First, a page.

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Steven Simala Grant
GOD: Frank, you know all about gardens and nature, what in the world is going on down there in the U.S.? What in the world happened to the dandelions, violets, thistles and the stuff I started eons ago? I had a perfect no-maintenance garden plan. Those plants grow in any type of soil, withstand drought and multiply with abandon. The nectar from the long lasting blossoms attracts butterflies, honey bees and flocks of songbirds. I expected to see a vast garden of color by now. All I see are patches of green.
ST. FRANCIS: Itís the tribes that settled there, Lord. They are called the Suburbanites. They started calling your flowers "weeds" and went to great lengths to kill them and replace them with grass.
GOD: Grass? But it is so boring, itís not colorful. It doesnít attract butterflies, bees or birds, only grubs and sod worms. Itís temperamental with temperatures. Do these Suburbanites really want grass growing there?
ST. FRANCIS: Apparently so, Lord. They go to great pains to grow it and keep it green. They begin each spring by fertilizing it and poisoning any other plant that crops up in the lawn.
GOD: The spring rains and the warm weather probably makes the grass grow really fast. That must make the Suburbanites very happy.
ST. FRANCIS: Apparently not, Lord. As soon as it has grown a little, they cut it......sometimes two times a week.
GOD: They cut it? Do they bale it like hay?
ST. FRANCIS: Not exactly Lord. Most of them rake it up and put it in bags.
GOD: They bag it? Why? Is it a cash crop? Do they sell it?
ST. FRANCIS: No sir, just the opposite. They pay to throw it away.
GOD: Now let me get this straight...they fertilize it to make it grow and when it does grow, they cut it off and pay to throw it away?
ST. FRANCIS: Yes, sir.
GOD: These Suburbanites must be relieved in the summer when we cut back on the rain and turn up the heat. That surely slows the growth and saves them a lot of work.
ST. FRANCIS: You arenít going to believe this Lord, but when the grass stops growing so fast, they drag out hoses and pay more money to water it so they can continue to mow it and pay to get rid of it.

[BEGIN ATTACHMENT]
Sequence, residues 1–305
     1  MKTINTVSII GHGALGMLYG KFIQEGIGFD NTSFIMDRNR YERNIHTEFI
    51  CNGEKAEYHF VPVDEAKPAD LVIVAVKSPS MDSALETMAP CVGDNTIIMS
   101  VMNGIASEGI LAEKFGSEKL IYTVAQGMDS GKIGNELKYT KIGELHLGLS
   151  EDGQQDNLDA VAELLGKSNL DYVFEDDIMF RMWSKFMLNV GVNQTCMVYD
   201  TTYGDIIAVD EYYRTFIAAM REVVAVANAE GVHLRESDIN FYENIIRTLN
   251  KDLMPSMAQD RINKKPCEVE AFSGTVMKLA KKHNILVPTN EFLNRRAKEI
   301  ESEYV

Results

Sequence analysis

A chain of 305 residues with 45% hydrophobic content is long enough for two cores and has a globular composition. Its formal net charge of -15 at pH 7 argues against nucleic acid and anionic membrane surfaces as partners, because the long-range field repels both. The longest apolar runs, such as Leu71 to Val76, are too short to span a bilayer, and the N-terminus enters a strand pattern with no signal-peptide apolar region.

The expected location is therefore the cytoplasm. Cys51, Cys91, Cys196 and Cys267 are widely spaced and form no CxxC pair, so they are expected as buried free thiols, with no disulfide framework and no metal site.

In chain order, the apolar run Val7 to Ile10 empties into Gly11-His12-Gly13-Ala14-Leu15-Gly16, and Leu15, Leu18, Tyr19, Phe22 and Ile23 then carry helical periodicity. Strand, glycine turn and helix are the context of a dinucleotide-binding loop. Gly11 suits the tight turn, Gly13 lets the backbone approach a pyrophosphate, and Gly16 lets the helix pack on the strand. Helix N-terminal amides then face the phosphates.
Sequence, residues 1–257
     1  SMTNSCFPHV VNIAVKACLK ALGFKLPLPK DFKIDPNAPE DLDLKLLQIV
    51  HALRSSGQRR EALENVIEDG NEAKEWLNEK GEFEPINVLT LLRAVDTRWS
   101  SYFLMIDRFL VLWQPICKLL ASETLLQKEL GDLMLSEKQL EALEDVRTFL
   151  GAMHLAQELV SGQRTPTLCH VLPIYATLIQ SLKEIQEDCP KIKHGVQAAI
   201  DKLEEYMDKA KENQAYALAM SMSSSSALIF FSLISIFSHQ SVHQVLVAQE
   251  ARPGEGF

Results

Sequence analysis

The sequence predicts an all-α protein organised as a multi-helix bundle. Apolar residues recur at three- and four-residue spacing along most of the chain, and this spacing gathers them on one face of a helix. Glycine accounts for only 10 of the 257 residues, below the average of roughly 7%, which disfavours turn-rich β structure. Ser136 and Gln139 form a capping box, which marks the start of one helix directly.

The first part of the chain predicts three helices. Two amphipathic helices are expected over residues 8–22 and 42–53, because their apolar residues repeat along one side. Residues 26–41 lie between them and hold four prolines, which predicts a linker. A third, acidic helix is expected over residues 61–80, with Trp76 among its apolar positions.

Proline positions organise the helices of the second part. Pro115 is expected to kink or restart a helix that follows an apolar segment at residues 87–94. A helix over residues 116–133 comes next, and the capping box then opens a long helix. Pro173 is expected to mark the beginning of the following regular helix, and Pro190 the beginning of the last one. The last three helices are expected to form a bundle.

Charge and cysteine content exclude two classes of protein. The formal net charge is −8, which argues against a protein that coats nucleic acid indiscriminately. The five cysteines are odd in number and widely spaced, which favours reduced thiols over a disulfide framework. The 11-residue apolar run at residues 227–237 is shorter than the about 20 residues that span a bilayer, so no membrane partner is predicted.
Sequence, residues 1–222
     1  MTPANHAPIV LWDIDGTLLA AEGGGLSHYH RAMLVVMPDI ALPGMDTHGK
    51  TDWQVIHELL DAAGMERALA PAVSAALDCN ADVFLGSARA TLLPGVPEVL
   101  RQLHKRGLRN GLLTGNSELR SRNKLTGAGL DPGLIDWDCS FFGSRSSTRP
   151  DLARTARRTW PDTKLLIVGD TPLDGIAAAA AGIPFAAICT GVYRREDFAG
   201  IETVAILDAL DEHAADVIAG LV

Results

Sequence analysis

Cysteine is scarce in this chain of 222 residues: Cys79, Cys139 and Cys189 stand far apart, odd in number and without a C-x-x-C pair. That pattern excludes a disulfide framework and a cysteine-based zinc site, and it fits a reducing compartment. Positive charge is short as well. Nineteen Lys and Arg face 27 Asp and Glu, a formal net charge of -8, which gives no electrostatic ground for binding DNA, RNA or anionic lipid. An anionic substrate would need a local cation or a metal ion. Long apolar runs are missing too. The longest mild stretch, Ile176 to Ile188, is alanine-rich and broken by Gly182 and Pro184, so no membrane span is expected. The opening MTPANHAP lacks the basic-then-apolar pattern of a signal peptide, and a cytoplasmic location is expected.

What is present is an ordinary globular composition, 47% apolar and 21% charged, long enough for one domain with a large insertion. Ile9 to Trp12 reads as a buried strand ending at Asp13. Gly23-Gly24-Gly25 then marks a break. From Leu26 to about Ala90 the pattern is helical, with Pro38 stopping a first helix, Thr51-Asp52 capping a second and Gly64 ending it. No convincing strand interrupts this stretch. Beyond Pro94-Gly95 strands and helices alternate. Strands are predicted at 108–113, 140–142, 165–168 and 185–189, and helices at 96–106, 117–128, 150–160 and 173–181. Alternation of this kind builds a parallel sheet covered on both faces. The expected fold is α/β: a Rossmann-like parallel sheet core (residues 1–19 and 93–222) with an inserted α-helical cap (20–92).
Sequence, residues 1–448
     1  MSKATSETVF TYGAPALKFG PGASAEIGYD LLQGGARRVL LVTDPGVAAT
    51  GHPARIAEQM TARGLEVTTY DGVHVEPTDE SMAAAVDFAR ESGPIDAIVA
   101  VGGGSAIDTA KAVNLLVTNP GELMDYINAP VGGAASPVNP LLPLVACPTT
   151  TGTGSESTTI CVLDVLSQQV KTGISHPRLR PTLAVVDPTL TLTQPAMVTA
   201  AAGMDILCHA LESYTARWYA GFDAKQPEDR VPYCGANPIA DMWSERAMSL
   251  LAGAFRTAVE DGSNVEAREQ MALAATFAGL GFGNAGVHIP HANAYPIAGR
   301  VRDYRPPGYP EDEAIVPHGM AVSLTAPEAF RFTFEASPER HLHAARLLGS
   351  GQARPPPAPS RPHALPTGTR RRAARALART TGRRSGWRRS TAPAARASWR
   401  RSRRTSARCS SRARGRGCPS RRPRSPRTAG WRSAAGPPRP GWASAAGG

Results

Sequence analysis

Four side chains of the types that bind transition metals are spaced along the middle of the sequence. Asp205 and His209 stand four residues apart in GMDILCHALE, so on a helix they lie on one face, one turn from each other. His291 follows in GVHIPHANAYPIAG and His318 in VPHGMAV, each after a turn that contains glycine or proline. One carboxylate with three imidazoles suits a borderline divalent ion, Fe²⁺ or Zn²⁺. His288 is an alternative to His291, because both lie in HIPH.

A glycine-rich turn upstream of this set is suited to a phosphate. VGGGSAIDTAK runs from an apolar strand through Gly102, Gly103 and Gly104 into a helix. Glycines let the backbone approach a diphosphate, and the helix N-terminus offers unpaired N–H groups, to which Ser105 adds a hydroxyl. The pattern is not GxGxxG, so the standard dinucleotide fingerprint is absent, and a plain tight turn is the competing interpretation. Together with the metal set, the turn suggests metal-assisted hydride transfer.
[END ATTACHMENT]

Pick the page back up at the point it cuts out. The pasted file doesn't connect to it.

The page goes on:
GOD: What nonsense! I think I like my original plan a lot betterÖ (http://www.naturalhomeandgarden.org/lawnhumor.htm)
Duke of Lancaster, Lord of Mann, Duke of Normandy, Sovereign of the Most Honourable Order of the Garter (a dress shop?), Sovereign of the Most Honourable Order of the Bath, Sovereign of the Most Ancient and Most Noble Order of the Thistle, Sovereign of the Most Illustrious Order of Saint Patrick, Sovereign of the Most Distinguished Order of Saint Michael and Saint George, Sovereign of the Distinguished Service Order, Sovereign of the Imperial Service Order, Sovereign of the Most Exalted Order of the Star of India, Sovereign of the Most Eminent Order of the Indian Empire, Sovereign of the Order of British India, Sovereign of the Indian Order of Merit, Sovereign of the Order of Burma, Sovereign of the Royal Order of Victoria and Albert, Sovereign of the Royal Family Order of King Edward VII, Sovereign of the Order of Merit, Sovereign of the Order of the Companions of Honour, Sovereign of the Royal Victorian Order, Sovereign of the Most Venerable Order of the Hospital of St John of Jerusalem; Sovereign of the Most Excellent Order of the British Empire, Her Majesty Elizabeth the Second, by the Grace of God, of Great Britain, Ireland and the British Dominions beyond the Seas Queen, Defender of the Faith, Duchess of Edinburgh, Countess of Merioneth, Baroness Greenwich; and of course she is also Mum, Grandma, and now a great grandmother too!
They were the titles given at her coronation.
But our Queen has a very real faith in Jesus for which I thank God, because Jesus has been placed Ďfar above all rule and authority Öand every title that can be givení (1:21). Letís pray for her, and our government as the Bible instructs us to do.
THERE WILL ALWAYS BE WEEDS
Jesus described another kind of soil which is filled with weeds and thistles and torpedo grass and other kinds of things. When Giovanna and I moved into our house, it had been vacant for a year. Itís built in an old flood plain of Lake Pontchartrain, which means that swamp grass or torpedo grass was prevalent there. That torpedo grass had grown unimpeded for 12 months and so every afternoon after work, I would get out and do a couple of hours of weeding. Some six months later, I had pulled out 120 fifty gallon trash bags of torpedo grass and nearly broken back.
In addition, the torpedo grass had choked the life out of 40% of the landscaping. I asked a landscaping store what I could spray on my beds to kill the grass and the only thing that works is Roundup. The problem is that Roundup kills everything it touches and would have killed the rest of the landscaping. But hereís the thing: 12 years later, I am still fighting torpedo grass in my landscaping.